Three-course meal truly a class act

March 04, 2009|By ROB KASPER

Late in the afternoon, a time of day when many teenagers were chilling, those in Wendy Parker Robinson's class were still in school, still sweating. Clad in chef's whites, they were chopping squash, searing chicken breasts, forming balls of goat cheese and beautifying butter.

They were getting ready to feed 200 people dinner at the National Academy Foundation High School, housed on the Digital Harbor campus in Federal Hill. It was the school's first Restaurant Night, when students in its hospitality and tourism classes would serve a three-course meal to anyone quick enough to book a reservation.

Demand for the $15 tickets was strong. "Initially, we expected to serve about 150; we ended up with reservations for 208," said director Ada Brown. For the event, the cafeteria's laminated tables were pushed aside, replaced by stylish circular ones draped with tablecloths, decked with flowers and set with china and flatware borrowed from a local caterer.

In the kitchen, chef Jerry Pellegrino, proprietor of Corks Restaurant, presided. He cajoled the students - "Clean off these tables; I want to see nothing but stainless steel" - and occasionally offered praise. "These kids have no idea how much work it is to put on a restaurant meal like this, but they are learning," said Pellegrino, who volunteered to oversee the students.

One thing the students learned was that chopping squash is drudgery. Andre Davis, 16, was not sure he ever wanted to see another squash again. The junior and his classmates diced a seemingly endless supply of the vegetable, one of the ingredients in the evening's first course. "It is not fun," Davis said of his labors, "but somebody has got to do it."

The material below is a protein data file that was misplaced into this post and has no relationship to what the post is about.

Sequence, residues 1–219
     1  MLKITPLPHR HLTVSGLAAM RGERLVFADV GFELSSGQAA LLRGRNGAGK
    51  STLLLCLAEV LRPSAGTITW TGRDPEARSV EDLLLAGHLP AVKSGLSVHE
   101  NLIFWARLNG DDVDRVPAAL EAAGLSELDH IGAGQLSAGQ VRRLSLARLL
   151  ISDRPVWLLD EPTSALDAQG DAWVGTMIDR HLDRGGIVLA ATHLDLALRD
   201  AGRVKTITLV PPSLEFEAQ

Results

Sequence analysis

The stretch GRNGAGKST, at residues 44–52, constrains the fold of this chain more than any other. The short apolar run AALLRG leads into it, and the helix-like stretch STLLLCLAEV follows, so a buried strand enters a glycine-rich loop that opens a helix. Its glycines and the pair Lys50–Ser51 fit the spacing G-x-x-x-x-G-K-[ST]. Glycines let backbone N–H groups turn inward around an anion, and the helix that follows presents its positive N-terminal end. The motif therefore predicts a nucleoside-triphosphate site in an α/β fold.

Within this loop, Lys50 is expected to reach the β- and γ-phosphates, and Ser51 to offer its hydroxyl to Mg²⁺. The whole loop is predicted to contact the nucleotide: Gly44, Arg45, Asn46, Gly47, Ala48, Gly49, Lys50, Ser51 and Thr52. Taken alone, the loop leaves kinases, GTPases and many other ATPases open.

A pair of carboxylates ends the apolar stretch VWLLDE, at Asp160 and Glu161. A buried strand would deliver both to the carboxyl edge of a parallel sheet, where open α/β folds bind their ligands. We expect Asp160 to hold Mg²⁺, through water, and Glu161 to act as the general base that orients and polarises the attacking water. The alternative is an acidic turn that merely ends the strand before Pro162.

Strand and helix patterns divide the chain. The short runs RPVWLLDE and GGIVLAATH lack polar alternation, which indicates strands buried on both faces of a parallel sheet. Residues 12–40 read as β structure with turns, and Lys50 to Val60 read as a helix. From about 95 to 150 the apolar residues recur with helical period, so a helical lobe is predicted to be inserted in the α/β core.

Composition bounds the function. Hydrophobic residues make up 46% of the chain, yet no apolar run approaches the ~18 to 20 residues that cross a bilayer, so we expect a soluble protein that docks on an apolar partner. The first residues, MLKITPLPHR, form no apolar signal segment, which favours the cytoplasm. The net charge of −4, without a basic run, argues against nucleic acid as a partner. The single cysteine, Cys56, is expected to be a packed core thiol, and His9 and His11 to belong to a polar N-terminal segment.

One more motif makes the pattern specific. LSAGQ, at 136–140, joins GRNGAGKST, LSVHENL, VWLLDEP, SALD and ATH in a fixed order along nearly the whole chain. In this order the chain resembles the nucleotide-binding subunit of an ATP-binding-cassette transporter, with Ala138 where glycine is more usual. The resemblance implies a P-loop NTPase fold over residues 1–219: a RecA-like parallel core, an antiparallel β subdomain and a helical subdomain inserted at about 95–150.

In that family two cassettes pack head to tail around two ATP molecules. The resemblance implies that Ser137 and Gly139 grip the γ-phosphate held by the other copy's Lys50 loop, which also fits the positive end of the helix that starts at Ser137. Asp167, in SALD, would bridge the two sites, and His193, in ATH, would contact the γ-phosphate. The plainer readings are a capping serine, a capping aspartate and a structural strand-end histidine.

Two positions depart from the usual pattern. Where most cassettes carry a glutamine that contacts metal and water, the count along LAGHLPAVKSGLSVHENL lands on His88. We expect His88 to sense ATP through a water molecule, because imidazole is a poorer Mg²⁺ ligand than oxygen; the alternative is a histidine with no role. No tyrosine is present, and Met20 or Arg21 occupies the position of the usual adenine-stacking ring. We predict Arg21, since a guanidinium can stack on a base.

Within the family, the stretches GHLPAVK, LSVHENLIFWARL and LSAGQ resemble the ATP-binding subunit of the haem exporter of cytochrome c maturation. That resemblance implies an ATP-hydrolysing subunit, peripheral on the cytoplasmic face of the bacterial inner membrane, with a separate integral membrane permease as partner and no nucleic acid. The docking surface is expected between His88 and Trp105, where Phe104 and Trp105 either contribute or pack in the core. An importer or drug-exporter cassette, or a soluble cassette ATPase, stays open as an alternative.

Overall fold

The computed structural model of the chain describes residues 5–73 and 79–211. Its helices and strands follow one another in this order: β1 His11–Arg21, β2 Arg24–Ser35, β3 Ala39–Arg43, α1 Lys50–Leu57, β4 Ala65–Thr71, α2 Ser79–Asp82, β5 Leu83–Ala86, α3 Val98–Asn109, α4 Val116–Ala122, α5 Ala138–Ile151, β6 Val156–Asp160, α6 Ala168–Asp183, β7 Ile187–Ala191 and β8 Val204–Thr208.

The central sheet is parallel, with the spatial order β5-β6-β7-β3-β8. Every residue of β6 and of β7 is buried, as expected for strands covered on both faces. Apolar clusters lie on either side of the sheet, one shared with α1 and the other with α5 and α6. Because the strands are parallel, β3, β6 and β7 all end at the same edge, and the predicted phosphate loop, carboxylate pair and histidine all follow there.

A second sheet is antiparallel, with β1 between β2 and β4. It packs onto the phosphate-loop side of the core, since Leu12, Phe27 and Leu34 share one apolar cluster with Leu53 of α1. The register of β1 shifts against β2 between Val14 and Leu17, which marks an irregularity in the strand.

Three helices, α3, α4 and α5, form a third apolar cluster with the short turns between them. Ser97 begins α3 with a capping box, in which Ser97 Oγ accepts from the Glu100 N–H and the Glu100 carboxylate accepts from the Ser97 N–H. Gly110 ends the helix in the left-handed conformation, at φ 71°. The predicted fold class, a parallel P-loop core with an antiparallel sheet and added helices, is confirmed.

April Garrison, 17, a senior, mastered the art of piping decorative swirls of softened butter on serving plates. By the end of the evening, Pellegrino was referring to Garrison as "my princess of butter."

Juniors LaVar Brown, 16, and LaMar Luckey, 16, seared chicken breasts, and then made gravy with the chicken drippings, a roux and some truffles tossed in by Pellegrino. It took a village to make the gravy as a string of students, including Tiffani Cooper, 16, and Marlon Copeland, 16, came by to taste and offer opinions.

Making the salad dressing was also a group effort. Whisks in hand, a cadre of students, including juniors Terrence Ervin,17, and Kaitlyn Smith,16, took turns furiously working a giant bowl of vinegar and oil into an emulsion. Ervin teased his male classmates, saying that Smith, a slight girl with strong wrists, was doing a better job "manning up" for the task than they were.

As the teenagers worked for hours in the hot kitchen, their focus fluctuated between casual conversation and daunting duties. Luckey, the fry cook, danced in between tasks. Pausing before they "plated up" 200-plus salads, the teenagers sang.

At supper time they were all business, dividing into three teams that first delivered plates of winter salad, then plates of pan-roasted chicken with carrots and mashed potatoes, and finally servings of apple cobbler. Crews of bow-tied servers who were also students at the academy whisked the dishes to the tables.

Out in the dining room one of the parents, Vonda Holmes, admired the winter salad placed before her. She said she was proud of her son, Brandon Caldwell, one of the student cooks. Brandon's 9-year-old brother, Antonio, also offered a compliment. He was not afraid, he said, to eat anything his big brother cooked.

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